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The first thing you must do when using a cloud service is to choose a distinct password for it

Today nearly all of us have our information stored on the cloud. It's a very easy solution that allows users to seamlessly create back-ups of photos, contacts and other personal information, giving users access to their accounts anywhere from any device. Perhaps its most prized feature is that it has no storage limits, unlike mobile devices and PCs.

There is, however, a downside to cloud services. Although it is useful in storing data, it could be the reason data is lost. Recently, the celebrity iCloud hack went to trial. The hacker admitted he acquired the credentials by spear phishing his victims and once he had them, all the data they stored on the cloud, whether intentionally or not, was exposed and later posted online.

Many users are not aware of the different risks involved in using the cloud. It's easy to forget that it syncs automatically, storing data that was not intended to be uploaded and accumulating over time. Another side effect due to its remote nature is many users do not feel compelled to protect their cloud accounts as they do their computers and mobile devices, leaving themselves vulnerable.

Users should follow several guidelines to stay safe, while benefiting from the cloud's capabilities. Some of these are simple best practices that should be implemented regardless, such as being wary of phishing attacks and not sharing your passwords. Below is some advice on how to actively protect yourself when using the cloud.

Use a different password for your cloud service
The first thing you must do when using a cloud service is to choose a distinct password for it. Do not use the same password you use for other sites, since it increases the risk that your account will fall into the wrong hands.

Each year, millions of users' credentials are stolen from websites. The best thing you can do to protect yourself is limit the potential damage from such a breach by using a different password for each of your accounts.

In fact, this type of attack was already used to target iCloud users in the past. In 2015, attackers used credentials leaked from various website breaches, such as the eBay breach, to log into iCloud accounts. Once inside, the attackers locked users' iPhones and iPads, demanding ransom in return for releasing them. For the attackers, this was easy money.

Use Two Factor Authentication (2FA)
Two factor authentication is a technology identifying users by two different components. The components could be something you know (password), something you own (chip, phone, etc.) or something you are, for example a biometric fingerprint. Usually, the two factors used are a password and a one-time passcode sent to a mobile device by SMS or automatic call. Using 2FA makes it significantly harder for attackers using brute force to find their way into your account. Most storage and cloud services support 2FA, check out the list of services using it.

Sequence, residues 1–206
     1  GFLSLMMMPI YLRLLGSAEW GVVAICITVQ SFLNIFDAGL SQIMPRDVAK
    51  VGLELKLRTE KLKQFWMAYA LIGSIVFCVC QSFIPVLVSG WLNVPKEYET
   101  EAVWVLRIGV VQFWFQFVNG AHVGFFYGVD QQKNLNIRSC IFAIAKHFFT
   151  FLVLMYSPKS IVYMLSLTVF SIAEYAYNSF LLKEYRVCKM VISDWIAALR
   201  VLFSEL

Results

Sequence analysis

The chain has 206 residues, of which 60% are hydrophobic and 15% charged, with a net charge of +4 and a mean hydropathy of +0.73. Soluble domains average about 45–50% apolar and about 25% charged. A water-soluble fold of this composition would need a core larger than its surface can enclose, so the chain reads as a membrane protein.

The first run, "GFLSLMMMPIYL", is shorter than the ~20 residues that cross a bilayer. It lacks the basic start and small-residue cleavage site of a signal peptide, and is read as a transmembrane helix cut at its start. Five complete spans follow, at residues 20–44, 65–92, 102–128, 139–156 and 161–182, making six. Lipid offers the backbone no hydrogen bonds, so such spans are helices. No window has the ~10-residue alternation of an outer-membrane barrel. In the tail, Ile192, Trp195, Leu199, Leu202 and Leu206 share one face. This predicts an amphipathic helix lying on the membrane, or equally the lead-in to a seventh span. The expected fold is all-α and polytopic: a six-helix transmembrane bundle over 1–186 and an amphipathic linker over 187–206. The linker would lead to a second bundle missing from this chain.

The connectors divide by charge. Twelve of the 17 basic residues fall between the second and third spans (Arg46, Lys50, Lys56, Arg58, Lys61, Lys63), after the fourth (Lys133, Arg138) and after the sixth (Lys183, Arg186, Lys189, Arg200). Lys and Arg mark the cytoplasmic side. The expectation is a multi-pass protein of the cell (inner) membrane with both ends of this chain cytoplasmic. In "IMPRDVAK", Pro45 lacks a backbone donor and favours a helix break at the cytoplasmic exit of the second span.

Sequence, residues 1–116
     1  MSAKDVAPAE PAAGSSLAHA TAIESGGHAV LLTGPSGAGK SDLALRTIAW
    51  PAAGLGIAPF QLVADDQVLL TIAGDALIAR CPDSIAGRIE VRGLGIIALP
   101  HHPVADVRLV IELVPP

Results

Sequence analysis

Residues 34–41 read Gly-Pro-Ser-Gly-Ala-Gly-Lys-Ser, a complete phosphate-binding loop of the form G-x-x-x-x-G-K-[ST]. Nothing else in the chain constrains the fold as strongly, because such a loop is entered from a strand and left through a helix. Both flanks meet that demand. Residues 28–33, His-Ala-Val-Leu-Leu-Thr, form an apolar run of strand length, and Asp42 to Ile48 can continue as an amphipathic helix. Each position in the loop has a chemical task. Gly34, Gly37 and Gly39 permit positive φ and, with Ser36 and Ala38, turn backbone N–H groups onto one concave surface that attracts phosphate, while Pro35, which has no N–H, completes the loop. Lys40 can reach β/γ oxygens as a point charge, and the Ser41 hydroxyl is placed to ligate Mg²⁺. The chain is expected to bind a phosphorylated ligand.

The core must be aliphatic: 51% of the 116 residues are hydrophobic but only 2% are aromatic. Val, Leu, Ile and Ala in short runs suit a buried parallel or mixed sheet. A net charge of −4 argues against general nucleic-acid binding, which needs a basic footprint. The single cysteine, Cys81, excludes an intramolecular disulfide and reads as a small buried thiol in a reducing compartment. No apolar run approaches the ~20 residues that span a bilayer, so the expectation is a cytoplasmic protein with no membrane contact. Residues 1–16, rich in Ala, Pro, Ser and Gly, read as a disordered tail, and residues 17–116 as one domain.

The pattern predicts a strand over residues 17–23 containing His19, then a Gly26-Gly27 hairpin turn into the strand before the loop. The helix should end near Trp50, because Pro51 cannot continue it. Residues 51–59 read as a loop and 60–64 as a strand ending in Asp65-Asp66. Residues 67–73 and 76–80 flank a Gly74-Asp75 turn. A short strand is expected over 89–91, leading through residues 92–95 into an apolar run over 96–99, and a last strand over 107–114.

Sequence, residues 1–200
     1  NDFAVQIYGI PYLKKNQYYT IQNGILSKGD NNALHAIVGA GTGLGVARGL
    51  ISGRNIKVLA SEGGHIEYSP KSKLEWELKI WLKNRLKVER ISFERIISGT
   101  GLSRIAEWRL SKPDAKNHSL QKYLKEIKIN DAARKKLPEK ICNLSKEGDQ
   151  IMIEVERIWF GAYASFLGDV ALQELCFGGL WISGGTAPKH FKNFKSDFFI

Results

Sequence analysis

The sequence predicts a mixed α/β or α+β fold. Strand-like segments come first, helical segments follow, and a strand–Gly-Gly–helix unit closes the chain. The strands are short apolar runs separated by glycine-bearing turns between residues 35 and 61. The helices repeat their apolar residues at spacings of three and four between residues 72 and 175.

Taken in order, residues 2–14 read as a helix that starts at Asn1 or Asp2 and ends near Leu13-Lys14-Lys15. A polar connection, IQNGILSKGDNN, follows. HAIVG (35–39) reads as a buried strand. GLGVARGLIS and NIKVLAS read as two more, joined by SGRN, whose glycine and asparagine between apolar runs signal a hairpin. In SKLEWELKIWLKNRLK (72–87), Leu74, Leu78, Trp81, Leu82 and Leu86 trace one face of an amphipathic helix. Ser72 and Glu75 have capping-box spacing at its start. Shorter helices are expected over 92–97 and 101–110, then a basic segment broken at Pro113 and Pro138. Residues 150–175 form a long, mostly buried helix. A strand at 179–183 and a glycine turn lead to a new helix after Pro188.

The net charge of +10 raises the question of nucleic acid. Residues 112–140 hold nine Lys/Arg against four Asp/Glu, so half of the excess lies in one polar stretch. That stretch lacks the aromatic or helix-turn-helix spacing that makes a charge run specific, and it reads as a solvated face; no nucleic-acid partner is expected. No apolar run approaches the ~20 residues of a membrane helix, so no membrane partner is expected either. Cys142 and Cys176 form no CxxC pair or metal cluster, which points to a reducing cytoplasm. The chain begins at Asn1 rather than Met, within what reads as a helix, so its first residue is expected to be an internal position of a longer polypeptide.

This is not to say that using two factor authentication on its own is enough to keep you safe. Unfortunately, malware writers have already managed to bypass even this security method. However, it is a good start, and the 2FA technology rapid development will protect users even further in the future.

Control what you are uploading
Users should be aware if their accounts are set up to sync automatically. While this could be a convenient feature, you might not want to store certain data on a server you do not control. It is also advised that you check what you have already stored on your cloud service and remove what is not necessary.

Stay away from dangerous hotspots
Last, be aware that your communication with the cloud can be intercepted. Even amateur attackers can set-up a fake hotspot with a deceiving name to fool users into using them or even take over legitimate public hotspots. Attackers that gain control of your hotspot can conduct a Man-In-the-Middle attack, stealing whatever data is passing through the hotspot. Users should use only trusted private networks when accessing sensitive data.

Enjoy the cloud, but be careful
While there are many benefits in using cloud services, there are also risks. Users should be aware of them and protect themselves, just as they do when using their mobile devices and PCs.

More Stories By Donald Meyer

Donald Meyer, Head of Product Marketing, Data Center at Check Point Software Technologies, has more than fourteen years of networking and security industry experience. In his current role, he is responsible for Check Point data center and cloud security solutions. Prior to Check Point, Meyer served as Sr. Manager, Product Marketing at Aruba Networks where he was responsible for marketing wireless security, network access control, and network operations product lines. Subsequently, he held various Marketing positions at Juniper Networks, Nokia, Inc., Mitel, AlitGen Communications, and the Associated Press. Meyer holds a Bachelor’s of Science in Business Administration, marketing concentration, from San Jose State University.

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